For the 50-plus years that Fidel Castro and his brother, Raul, have ruled Cuba, the words "Cuban capitalism" were an oxymoron. Cuba was a state with a centralized economy in which private enterprise was discredited. No more. A recent announcement that the government - employer of well over 90 percent of Cubans - soon will fire about half a million workers and tell them to find private-sector jobs signals a major shift in economic and political philosophy. It is, as well, an opportunity for the United States to establish useful ties to Cuba.
The Cuban government can no longer maintain a state-run economy. It's likely that it never has been able to do so. Large infusions of cash from ideological supporters allowed Cuba to sustain its people over the years. During the Cold War, the Soviet Union funneled untold billions into Cuba. After the Soviet Union's demise, Hugo Chavez of Venezuela used some of his nation's oil profits to prop up the Castros. The world-wide recession put an end to that. Now, Cuba is on its own - and is turning, in part, to the free market for sustenance.
The change is dramatic. The government is easing control of a few areas of the economy and allowing entrepreneurs to set up for-profit small businesses. Cuba has lifted some controls on foreign ownership of real estate and is actively seeking foreign investment and trade partners. The latter is an arena in which the United States should assume a major role. At the moment, though, it legally can not do so.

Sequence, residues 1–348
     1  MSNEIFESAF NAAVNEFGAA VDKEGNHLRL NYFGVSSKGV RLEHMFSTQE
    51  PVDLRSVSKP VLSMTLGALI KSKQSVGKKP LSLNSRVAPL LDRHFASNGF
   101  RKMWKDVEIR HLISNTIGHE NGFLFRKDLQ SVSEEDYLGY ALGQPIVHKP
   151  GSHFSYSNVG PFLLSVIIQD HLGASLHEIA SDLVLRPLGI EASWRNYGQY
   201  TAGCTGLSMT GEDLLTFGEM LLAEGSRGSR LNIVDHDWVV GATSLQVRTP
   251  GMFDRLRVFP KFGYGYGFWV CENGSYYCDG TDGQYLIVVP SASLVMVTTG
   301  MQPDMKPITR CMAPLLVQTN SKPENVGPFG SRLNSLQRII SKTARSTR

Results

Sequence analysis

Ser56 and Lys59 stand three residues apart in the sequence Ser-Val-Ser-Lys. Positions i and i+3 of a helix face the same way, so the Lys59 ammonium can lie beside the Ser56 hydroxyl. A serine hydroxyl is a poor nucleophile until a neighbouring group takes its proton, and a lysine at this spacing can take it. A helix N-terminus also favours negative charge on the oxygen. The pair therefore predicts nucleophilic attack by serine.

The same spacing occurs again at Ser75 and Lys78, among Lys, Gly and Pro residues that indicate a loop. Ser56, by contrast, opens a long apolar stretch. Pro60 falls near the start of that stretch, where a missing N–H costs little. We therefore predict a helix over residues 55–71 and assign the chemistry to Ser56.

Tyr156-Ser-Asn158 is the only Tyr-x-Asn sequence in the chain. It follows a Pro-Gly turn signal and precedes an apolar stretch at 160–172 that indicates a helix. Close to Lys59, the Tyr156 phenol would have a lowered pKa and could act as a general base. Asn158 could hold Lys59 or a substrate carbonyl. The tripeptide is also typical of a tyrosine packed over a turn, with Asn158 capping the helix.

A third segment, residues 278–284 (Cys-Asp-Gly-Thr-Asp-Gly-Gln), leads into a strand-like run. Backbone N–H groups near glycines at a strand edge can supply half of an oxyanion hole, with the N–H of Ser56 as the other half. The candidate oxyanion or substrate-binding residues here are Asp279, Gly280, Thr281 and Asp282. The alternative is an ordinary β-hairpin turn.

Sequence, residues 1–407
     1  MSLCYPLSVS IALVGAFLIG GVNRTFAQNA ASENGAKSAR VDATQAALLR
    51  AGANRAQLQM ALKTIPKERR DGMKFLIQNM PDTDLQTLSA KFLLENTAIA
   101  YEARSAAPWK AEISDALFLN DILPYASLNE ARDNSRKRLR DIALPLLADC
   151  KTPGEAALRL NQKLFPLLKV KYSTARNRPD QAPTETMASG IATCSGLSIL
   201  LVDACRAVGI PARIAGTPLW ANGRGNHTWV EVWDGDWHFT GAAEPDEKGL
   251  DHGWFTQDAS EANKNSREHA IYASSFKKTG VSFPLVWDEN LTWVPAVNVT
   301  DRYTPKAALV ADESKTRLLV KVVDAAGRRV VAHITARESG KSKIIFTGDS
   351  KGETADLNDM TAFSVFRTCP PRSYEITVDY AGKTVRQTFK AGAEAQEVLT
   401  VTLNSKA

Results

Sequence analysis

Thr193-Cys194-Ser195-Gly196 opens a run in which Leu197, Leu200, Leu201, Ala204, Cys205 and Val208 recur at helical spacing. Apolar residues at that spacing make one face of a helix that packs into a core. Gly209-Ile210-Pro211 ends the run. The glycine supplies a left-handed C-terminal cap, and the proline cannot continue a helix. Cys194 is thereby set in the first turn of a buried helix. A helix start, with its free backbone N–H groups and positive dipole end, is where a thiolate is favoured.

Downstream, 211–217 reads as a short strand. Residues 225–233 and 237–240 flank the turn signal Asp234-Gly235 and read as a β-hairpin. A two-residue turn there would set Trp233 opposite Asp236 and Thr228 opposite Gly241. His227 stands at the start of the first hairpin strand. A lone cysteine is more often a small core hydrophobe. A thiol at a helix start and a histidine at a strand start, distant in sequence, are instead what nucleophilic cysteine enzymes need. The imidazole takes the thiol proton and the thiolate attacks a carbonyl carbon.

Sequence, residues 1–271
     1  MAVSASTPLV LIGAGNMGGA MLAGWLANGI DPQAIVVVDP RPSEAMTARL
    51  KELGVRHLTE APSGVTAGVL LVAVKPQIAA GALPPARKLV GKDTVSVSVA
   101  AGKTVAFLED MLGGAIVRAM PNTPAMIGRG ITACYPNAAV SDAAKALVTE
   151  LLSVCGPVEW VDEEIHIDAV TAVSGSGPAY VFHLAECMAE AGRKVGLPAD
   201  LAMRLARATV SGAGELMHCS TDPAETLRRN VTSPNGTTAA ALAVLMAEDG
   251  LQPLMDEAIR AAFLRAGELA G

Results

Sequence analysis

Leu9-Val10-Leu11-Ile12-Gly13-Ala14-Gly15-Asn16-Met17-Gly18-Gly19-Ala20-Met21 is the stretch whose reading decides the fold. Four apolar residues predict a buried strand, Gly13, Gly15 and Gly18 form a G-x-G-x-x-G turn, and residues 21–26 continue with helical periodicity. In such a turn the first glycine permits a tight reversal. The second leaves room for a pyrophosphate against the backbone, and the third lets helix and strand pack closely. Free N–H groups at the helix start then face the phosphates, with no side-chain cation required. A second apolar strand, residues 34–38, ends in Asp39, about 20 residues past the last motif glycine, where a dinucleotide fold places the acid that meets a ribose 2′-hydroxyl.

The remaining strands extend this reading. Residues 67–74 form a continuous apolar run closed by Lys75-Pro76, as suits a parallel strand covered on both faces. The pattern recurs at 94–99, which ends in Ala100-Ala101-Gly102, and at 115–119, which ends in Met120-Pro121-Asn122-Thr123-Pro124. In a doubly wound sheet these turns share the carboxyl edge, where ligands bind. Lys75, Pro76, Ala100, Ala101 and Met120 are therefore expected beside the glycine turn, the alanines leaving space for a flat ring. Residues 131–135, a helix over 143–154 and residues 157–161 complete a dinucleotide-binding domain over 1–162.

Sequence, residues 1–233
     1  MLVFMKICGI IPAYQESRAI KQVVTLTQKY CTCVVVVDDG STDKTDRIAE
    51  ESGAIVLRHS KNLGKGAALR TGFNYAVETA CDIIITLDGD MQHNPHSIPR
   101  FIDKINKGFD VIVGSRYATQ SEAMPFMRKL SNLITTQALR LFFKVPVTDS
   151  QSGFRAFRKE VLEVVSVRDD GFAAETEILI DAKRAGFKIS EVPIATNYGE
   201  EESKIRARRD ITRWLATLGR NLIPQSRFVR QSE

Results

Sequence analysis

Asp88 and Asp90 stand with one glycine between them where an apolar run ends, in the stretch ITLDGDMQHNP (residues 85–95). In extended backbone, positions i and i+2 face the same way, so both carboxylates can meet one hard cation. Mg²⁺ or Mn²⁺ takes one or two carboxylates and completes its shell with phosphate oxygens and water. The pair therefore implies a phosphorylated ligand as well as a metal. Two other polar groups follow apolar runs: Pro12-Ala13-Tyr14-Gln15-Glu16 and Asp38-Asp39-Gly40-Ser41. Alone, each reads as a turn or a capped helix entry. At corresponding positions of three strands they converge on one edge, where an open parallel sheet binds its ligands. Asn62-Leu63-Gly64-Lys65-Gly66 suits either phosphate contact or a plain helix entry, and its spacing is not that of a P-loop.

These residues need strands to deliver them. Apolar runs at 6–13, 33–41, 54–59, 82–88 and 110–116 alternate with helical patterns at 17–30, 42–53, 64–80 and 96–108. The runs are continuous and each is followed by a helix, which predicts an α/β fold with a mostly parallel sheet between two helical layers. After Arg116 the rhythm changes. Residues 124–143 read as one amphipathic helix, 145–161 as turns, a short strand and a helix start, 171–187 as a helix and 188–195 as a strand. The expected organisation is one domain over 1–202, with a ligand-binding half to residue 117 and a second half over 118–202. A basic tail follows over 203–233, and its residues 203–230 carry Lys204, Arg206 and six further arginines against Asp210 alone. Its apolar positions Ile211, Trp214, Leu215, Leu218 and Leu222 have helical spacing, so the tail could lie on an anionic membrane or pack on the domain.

The long-standing embargo that restricts trade between the United States and Cuba remains in place. The ban has never been effective. Its main accomplishment is negative rather than positive. It keeps U.S. firms out of the Cuban marketplace as others, particularly from Europe and other hemispheric nations, rush in to take advantage of the looser regulations now governing trade and commerce in Cuba.
Congress should end the trade embargo. That would promote U.S. businesses interests in Cuba and expand an already growing network of connections between the countries. The recent lifting of U.S. rules on transfers of money and on travel to Cuba has increased traffic between the nations. An end to the embargo would allow big business to move quickly to gain a foothold in Cuba. It might spur many Cuban-Americans to assist or even bankroll Cuban relatives anxious to enter a workplace where the reward might be wealth-generating profits rather than government handouts. Both would be desirable.
The government, to be sure, still will control Cuba's political apparatus and will watch economic developments closely. It is unlikely to surrender total control, but the new economic freedom should be encouraged and supported. Ending an embargo that long ago outlived any usefulness will allow the United States to fulfill those roles.